In November 2021, a judge found two shelter workers of the National Service for Minors (SENAME) guilty of having committed unlawful coercion and causing the death of Lisette Villa, age six, in 2016 through abusive physical restraining techniques. In April, the Santiago Appellate Court confirmed the sentence applied to both defendants: one received a sentence of four years of supervised probation, and the other received five years of supervised probation. The INDH acted as coplaintiff before the Santiago Appellate Court.
Child, Early, and Forced Marriage: The legal minimum age of marriage is 18 (16 with parental consent).
Sexual Exploitation of Children: The law prohibits all forms of human trafficking and prescribes penalties ranging from five years to 20 years in prison, plus fines, for conviction of trafficking offenses. Child sex-trafficking cases were often prosecuted under a different law, for which conviction provides lesser penalties. Due to sentencing guidelines for first-time offenders that provide automatic parole for any sentence of less than five years’ confinement, many convicted traffickers received weak sentences, hampering efforts to deter traffickers and hold them accountable.
Sexual relations with children ages 14 to 17 may be considered statutory rape depending on the circumstances. Sex with a child younger than age 14 is considered rape, regardless of consent or the victim’s gender. Penalties for conviction of statutory rape range from five to 20 years in prison. Child pornography is a crime. Penalties for conviction of producing child pornography range from 541 days to five years in prison.
Commercial sexual exploitation of children and adolescents was a problem, and children were victims of sex trafficking with and without third-party involvement. Children were also used in the production of pornography.
Institutionalized Children: SENAME continued implementing a restructuring begun after investigations of the 2017 death of an age 11 child in SENAME custody revealed systemic problems of abuse and neglect in SENAME shelters. The restructuring included closing traditional shelters for vulnerable children and replacing them with family-style residences. The first family-style residences opened in 2019 in Valparaiso and Santiago.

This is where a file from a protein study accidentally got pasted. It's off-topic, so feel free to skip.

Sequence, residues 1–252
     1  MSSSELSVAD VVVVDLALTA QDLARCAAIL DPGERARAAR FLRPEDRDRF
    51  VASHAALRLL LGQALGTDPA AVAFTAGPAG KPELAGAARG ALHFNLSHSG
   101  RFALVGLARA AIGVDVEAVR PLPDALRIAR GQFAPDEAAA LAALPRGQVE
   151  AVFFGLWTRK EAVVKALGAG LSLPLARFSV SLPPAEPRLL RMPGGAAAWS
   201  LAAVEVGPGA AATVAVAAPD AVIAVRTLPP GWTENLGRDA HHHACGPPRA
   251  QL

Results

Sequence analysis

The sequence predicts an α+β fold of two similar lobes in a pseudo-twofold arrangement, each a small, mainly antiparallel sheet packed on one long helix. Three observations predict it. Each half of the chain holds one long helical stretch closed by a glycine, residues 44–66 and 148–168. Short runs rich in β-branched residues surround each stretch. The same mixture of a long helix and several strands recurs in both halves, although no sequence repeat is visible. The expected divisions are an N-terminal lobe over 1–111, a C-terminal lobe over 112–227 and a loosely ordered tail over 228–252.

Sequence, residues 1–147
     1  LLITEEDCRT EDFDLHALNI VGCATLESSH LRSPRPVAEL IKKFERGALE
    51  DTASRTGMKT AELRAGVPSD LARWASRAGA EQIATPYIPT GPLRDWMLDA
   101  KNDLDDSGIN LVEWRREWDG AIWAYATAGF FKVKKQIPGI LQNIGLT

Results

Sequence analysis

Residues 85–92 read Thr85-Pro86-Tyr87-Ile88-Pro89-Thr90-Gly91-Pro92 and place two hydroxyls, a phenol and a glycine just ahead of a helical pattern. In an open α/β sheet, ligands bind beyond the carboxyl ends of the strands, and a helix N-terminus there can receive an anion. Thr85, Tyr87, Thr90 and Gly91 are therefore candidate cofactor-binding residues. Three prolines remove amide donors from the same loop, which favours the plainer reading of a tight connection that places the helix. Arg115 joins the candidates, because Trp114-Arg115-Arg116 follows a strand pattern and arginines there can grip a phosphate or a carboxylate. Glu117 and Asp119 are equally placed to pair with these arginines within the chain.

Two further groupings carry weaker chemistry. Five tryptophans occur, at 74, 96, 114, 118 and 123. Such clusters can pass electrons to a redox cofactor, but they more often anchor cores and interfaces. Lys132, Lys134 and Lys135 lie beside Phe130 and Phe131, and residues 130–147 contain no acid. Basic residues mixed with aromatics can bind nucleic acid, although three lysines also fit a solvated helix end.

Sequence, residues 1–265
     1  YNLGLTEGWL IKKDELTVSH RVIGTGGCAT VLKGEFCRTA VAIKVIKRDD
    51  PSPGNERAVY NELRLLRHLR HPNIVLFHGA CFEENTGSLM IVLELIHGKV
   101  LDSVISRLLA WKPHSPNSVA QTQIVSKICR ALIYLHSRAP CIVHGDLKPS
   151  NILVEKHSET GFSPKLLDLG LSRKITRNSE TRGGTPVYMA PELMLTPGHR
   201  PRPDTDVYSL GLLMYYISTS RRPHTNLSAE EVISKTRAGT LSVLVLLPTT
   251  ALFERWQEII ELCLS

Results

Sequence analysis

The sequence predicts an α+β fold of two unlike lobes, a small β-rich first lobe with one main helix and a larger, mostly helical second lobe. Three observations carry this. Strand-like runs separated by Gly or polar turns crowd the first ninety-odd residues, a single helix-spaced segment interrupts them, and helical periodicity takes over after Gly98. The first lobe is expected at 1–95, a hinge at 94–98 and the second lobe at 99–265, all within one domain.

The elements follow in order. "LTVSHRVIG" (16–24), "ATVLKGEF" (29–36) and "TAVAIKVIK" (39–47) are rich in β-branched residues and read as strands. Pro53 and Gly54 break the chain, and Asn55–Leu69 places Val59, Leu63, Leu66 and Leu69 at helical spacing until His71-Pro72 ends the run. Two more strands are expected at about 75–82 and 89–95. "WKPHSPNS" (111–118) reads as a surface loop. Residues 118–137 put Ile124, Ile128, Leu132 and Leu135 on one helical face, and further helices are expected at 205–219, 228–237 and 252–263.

The My Lawyer Program of the Judicial Assistance Corporation filed numerous complaints in prior years regarding the commercial sexual exploitation of children and adolescents who resided in SENAME shelters or residences, or in shelters overseen by Better Childhood (which replaced SENAME in 2021). In March, officials denounced a case of sexual exploitation in a residence in the Santiago municipality administered by Better Childhood.
The Jewish community was approximately 18,000 persons, and approximately 60,000 persons in the country were of Jewish ancestry.
The Jewish community reported an increase in antisemitic social media posts and media publications, including the July 11 publication of a racist internet meme embedded in a newspaper advertisement published in Las Ultimas Noticias for discount alcohol vendor Arbol Verde, a private company.
Gerardo Gordischer, president of the Jewish Community of Chile, stated antisemitic comments on social media increased following President Boric’s September 15 refusal to accept the diplomatic credentials of Israeli Ambassador Gil Artzeyli. The refusal was due to what the Ministry of Foreign Relations called “the framework of political sensitivity” generated by the death of an age 17 Palestinian “during an Israeli Army operation” on the same day.
Trafficking in Persons
See the Department of State’s Trafficking in Persons Report.
Acts of Violence, Criminalization, and Other Abuses Based on Sexual Orientation, Gender Identity or Expression, or Sex Characteristics
Criminalization: There are no laws criminalizing consensual same-sex sexual conduct between adults.
Violence against LGBTQI+ Persons: Violence against lesbian, gay, bisexual, transgender, queer, and intersex (LGBTQI+) individuals continued. On July 30, chef Jaime Vergara was found dead of knife wounds at his home in Quillota with a homophobic slur written on his body. The alleged perpetrator was arrested and placed in pretrial detention.